From Folk Medicine to
The human experience is
frequently characterized by our feelings toward certain aspects of
our environment. We are frightened by things we do not understand,
calmed by familiarity, anxious in the face of uncertainty,
exhilarated by our accomplishments and depressed by our losses.
Gradually, over the course of our individual development, we come
to expect certain situations to produce certain types of feelings.
There are many chemical
substances that have the power to alter this relationship between
environment and feeling. Anxiety can be transformed into
tranquility, exhilaration into sobriety, and torpor into vigor.
When these substances are administered in a formal manner, they are
called drugs, and the study of the effects of these drugs on
mood and other behaviors defines the field of psychopharmacology.
Historically, the more common
chemical substances that change behavior have been plant products
that were widely available and self-administered. Tea and opium
were available in the Orient; tobacco and coffee in the Americas;
and alcohol throughout the world. The substances were valued by
each culture for the effects that they had on behavior, but each
culture also developed written or unwritten guidelines to regulate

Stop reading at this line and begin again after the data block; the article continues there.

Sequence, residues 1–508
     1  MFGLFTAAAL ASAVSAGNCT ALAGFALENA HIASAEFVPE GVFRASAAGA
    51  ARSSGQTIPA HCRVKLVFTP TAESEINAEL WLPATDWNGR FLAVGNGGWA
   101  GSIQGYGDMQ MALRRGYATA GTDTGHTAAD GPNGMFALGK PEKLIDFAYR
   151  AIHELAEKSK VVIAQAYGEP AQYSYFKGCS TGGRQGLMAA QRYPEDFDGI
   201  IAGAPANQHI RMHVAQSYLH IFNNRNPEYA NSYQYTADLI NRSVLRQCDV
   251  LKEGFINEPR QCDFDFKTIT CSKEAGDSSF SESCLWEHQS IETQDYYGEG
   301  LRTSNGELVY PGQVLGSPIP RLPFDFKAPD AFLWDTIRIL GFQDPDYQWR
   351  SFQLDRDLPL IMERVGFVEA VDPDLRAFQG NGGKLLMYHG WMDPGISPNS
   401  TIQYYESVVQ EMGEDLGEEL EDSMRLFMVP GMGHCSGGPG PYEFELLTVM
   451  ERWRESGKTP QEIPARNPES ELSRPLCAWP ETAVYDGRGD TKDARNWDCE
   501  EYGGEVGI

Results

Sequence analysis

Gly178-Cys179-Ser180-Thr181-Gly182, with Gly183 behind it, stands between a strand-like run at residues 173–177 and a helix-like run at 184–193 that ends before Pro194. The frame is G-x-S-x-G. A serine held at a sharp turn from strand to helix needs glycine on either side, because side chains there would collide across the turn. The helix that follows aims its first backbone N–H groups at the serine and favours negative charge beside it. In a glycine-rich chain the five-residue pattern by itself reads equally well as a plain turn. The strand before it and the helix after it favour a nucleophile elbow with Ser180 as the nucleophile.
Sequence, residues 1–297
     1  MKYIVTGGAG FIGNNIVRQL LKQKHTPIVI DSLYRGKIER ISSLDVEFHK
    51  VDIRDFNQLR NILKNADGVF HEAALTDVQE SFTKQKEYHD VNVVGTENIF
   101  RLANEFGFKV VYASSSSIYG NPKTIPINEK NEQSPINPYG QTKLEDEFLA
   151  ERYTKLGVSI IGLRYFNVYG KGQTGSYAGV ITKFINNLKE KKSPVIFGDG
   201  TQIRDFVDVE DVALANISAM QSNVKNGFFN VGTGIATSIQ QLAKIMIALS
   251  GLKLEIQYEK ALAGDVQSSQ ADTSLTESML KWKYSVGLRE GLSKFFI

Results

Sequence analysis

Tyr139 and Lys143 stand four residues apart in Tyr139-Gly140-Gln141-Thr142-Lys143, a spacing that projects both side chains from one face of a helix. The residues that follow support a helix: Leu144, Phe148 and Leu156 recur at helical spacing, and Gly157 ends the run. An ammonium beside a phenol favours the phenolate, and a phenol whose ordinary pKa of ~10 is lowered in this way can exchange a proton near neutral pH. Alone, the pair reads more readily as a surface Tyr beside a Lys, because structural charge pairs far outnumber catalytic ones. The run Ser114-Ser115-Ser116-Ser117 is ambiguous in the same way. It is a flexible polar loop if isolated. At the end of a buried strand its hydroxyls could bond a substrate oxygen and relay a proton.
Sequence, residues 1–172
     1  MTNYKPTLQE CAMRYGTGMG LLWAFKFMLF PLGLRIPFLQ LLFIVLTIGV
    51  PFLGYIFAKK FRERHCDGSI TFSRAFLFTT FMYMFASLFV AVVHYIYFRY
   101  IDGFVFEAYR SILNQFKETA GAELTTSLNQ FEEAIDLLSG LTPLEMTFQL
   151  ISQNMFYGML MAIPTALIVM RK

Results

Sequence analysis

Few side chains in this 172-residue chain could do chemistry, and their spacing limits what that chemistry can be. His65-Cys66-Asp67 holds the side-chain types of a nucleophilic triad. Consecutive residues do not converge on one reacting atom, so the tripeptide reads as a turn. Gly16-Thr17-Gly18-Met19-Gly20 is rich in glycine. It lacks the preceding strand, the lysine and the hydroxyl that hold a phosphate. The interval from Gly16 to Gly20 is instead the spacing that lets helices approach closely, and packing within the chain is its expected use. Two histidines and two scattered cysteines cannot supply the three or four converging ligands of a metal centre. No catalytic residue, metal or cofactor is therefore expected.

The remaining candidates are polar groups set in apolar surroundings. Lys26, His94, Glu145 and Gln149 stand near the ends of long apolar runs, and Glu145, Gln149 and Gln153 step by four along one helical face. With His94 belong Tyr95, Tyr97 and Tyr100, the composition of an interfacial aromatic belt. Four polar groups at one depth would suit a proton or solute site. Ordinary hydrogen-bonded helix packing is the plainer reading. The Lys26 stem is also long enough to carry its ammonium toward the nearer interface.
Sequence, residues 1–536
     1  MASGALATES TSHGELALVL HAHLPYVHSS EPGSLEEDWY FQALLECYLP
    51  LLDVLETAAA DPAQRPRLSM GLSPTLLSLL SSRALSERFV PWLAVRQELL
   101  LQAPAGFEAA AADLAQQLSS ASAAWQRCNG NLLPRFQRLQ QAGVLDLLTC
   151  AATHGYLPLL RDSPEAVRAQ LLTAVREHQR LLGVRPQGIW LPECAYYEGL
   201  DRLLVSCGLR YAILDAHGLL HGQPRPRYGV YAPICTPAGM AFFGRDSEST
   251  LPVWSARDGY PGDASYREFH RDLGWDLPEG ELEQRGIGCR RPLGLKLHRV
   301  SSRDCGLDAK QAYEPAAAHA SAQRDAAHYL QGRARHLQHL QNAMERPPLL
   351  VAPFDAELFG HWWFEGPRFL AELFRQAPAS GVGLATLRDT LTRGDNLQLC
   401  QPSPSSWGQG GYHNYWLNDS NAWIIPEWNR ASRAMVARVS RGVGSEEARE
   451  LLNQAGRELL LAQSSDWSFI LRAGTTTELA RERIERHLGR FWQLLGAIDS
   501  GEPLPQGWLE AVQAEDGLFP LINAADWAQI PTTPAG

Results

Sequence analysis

the use of the substances.
In addition to the commonly
available plants, each geographic region has more obscure plants
that may contain psychologically active substances. Information
about the identifying features and effectiveness of these plants
were passed on to family elders and to religious leaders. These
individuals became valued for their knowledge of the effects of
chemical substances, and became the informal practitioners of
folk medicine. This gave way to the development of still more
formal knowledge of these effects, and to the gradual development of
formal medical practitioners.
Today, we have literally
hundreds of different drugs that are known to change behavior. Some
of these have been borrowed directly from folk medicine and simply
represent the modern processing and reformulation of a drug
application that may be centuries old. Others have been discovered
by accident when a chemical reaction has gone awry or when a drug
has been administered to treat one malady and it ends up being
effective for some totally different problem. Although important
contributions have been made from both of these sources, the vast
majority of our modern drugs have been developed through systematic
research on the relationships among drugs, behavior and the
underlying chemistry of the brain.
Drugs and Behavior